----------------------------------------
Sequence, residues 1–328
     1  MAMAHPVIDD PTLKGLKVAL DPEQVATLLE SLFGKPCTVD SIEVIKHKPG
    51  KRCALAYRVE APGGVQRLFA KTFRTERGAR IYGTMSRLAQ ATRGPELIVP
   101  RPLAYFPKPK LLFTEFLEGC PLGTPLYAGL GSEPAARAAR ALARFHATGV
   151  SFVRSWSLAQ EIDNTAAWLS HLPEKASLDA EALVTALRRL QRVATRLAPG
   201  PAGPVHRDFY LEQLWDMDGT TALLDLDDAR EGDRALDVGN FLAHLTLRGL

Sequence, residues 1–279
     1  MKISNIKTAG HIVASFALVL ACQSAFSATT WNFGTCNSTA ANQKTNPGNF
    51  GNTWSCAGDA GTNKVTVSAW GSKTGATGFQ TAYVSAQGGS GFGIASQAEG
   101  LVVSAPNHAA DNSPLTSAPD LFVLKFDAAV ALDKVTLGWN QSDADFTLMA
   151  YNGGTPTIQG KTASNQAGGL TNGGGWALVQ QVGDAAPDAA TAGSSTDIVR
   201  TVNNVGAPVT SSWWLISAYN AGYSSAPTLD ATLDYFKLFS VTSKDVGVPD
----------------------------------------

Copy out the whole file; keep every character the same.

Sequence, residues 1–328
     1  MAMAHPVIDD PTLKGLKVAL DPEQVATLLE SLFGKPCTVD SIEVIKHKPG
    51  KRCALAYRVE APGGVQRLFA KTFRTERGAR IYGTMSRLAQ ATRGPELIVP
   101  RPLAYFPKPK LLFTEFLEGC PLGTPLYAGL GSEPAARAAR ALARFHATGV
   151  SFVRSWSLAQ EIDNTAAWLS HLPEKASLDA EALVTALRRL QRVATRLAPG
   201  PAGPVHRDFY LEQLWDMDGT TALLDLDDAR EGDRALDVGN FLAHLTLRGL

Sequence, residues 1–279
     1  MKISNIKTAG HIVASFALVL ACQSAFSATT WNFGTCNSTA ANQKTNPGNF
    51  GNTWSCAGDA GTNKVTVSAW GSKTGATGFQ TAYVSAQGGS GFGIASQAEG
   101  LVVSAPNHAA DNSPLTSAPD LFVLKFDAAV ALDKVTLGWN QSDADFTLMA
   151  YNGGTPTIQG KTASNQAGGL TNGGGWALVQ QVGDAAPDAA TAGSSTDIVR
   201  TVNNVGAPVT SSWWLISAYN AGYSSAPTLD ATLDYFKLFS VTSKDVGVPD